A new program to help workers in the Peterborough area find training to pursue better-paying job opportunities was launched by officials on Tuesday.
The Ontario government is providing funding of $2,714,847 over 12 months to the Peterborough and Kawarthas Economic Development Agency to develop and administer the new Pathways to Prosperity program, which aims to provide training for people who want to take up jobs in demand and better paid in the city and department.
“It’s something that came to fruition through ingenuity, entrepreneurship and a desire to be able to do more, to do better for our community and to put our community in a better position,” said said Dave Smith, MPP for Peterborough-Kawartha.
It is expected that around 50 employers will participate in the program, employing people and providing opportunities in certain fields.
Over the next year, the Pathways to Prosperity program will focus on developing the region’s workforce, providing unemployed and precarious workers with opportunities in the manufacturing, construction and construction industries. agriculture, as well as in the catering and catering industries.
Pathway to Prosperity is based on three pillars:
- Pre-employment support: preparation, participant support, orientation to training, long-term retention support, including any mental health support.
- Job Seeker Training: 15 cohorts of job seekers will receive comprehensive training designed for four sectors: line cook, manufacturing, agriculture and construction.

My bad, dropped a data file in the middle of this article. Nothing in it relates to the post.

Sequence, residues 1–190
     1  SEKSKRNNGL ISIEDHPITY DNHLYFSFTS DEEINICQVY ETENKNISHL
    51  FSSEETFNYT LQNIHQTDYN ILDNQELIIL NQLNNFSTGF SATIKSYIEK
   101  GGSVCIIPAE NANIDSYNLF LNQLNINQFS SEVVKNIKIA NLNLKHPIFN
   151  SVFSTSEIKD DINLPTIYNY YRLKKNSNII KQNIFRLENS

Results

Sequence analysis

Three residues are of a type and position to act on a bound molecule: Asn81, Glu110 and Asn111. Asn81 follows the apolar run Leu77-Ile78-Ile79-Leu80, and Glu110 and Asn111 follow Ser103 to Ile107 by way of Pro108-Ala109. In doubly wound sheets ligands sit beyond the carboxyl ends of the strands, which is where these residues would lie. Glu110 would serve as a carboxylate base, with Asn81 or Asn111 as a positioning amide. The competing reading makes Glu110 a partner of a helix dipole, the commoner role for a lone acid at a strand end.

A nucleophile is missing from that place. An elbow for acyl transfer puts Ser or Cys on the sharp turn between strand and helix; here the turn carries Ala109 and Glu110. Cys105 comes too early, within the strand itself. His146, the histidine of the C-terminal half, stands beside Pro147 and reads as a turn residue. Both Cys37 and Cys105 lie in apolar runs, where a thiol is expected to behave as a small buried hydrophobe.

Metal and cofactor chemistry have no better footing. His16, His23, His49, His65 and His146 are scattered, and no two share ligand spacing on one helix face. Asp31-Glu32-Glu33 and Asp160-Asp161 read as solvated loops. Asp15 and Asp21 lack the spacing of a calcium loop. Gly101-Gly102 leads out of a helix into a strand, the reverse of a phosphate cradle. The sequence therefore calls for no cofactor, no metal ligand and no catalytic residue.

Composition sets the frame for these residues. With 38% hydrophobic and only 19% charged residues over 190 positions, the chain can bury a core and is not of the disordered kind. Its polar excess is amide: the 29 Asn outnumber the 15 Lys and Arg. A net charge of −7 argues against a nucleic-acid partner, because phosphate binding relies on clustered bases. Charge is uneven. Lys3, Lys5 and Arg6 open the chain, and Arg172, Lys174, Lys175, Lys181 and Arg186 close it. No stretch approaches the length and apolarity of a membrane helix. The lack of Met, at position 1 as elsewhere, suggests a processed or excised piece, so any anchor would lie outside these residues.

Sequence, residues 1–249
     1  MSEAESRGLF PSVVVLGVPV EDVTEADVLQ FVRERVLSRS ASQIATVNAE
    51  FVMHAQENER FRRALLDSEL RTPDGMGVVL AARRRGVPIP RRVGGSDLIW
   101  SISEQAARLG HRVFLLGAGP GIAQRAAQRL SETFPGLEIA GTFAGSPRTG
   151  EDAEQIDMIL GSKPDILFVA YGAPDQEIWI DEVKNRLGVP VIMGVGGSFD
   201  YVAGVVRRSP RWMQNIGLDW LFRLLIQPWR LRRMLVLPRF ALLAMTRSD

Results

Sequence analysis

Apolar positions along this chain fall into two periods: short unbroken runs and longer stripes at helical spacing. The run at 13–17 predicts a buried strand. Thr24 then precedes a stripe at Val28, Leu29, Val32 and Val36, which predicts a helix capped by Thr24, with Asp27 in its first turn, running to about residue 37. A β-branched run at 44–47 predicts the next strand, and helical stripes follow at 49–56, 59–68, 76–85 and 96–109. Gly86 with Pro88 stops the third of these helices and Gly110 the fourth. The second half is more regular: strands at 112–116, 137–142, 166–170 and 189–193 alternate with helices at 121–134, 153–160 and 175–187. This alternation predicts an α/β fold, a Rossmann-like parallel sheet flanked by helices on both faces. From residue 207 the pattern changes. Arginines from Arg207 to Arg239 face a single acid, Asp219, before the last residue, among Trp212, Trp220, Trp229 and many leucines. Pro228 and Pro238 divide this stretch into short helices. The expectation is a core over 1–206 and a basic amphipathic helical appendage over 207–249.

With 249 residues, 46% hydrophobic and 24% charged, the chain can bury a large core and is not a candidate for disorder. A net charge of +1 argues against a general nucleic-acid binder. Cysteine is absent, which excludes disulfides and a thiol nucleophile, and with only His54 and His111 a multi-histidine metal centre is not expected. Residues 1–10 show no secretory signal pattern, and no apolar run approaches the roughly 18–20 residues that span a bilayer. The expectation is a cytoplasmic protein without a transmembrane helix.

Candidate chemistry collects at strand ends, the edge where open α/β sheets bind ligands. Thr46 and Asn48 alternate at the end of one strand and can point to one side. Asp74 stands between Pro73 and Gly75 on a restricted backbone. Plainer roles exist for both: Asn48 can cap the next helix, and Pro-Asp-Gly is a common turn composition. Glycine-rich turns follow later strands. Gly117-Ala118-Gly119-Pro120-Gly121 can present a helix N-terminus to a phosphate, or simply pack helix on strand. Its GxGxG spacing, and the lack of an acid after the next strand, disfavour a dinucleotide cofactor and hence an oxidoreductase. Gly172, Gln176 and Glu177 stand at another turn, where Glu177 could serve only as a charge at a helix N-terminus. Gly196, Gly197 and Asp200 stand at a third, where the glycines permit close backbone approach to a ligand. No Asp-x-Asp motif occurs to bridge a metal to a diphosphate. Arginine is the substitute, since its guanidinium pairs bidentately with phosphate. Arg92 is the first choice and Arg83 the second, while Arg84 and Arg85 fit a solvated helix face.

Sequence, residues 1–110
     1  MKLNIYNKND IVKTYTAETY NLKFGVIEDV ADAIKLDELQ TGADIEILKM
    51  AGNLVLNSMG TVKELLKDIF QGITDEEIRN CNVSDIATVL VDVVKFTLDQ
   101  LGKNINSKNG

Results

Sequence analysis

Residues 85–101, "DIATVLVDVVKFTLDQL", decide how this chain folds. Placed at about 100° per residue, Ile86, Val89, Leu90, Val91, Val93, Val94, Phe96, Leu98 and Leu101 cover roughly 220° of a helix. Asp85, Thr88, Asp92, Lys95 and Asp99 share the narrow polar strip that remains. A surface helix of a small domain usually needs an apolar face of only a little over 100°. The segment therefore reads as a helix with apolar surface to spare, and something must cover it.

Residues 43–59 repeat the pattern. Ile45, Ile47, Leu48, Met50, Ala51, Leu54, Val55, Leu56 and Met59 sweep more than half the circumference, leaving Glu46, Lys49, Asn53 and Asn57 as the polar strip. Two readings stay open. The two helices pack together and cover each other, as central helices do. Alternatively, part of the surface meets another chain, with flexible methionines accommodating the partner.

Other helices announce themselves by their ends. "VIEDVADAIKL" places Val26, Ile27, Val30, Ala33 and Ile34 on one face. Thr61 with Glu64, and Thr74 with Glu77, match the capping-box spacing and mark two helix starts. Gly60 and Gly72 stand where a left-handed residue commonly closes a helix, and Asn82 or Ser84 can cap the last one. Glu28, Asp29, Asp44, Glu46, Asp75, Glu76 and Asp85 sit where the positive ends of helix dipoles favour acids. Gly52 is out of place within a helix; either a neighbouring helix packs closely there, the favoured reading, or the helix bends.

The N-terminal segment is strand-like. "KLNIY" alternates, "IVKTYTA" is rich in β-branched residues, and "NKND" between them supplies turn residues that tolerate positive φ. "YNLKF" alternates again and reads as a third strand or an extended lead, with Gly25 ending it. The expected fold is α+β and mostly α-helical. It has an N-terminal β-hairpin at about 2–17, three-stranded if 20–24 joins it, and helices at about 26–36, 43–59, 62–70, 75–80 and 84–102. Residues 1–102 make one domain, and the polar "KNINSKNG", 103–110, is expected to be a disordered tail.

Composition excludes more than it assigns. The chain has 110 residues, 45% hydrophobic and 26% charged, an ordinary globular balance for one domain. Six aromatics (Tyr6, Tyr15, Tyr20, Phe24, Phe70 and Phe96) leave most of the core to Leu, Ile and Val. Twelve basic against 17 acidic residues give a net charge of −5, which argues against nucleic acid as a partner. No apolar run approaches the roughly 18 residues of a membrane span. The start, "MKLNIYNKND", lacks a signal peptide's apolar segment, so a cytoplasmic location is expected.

- Business Recruitment: Recruit 50 or more local businesses to participate and offer internships to job seekers upon completion of their training.
Smith said it will provide the creation of career paths to help many underemployed or unemployed people in the community obtain better employment and provide the skills needed to help them move beyond entry-level positions.
Many community partners will be involved in training and acquiring employees and helping them achieve their goals, said Rhonda Keenan, president and CEO of Peterborough and Kawarthas Economic Development.
“It involves Fleming College as the delivery agent of our training,” she said.
“He works with Muskoka-Kawarthas as an employment hub (run by Fleming College). He works with the City of Kawartha Lakes Economic Development and, of course, with the Workforce Development Commission.
Employers who participate in the program will be able to recruit employees with the necessary skills.
“The Workforce Development Board is going to create career paths to show how an entry-level job can lift you up and take you through different streams to be able to find your dream job,” Keenan said.
Job wages will be subsidized for up to five weeks to help employers and employees find the perfect fit for each other, she said.
“They want to test to see if it’s a good fit for the company, and also if this company is a good fit for the job seeker,” Keenan said.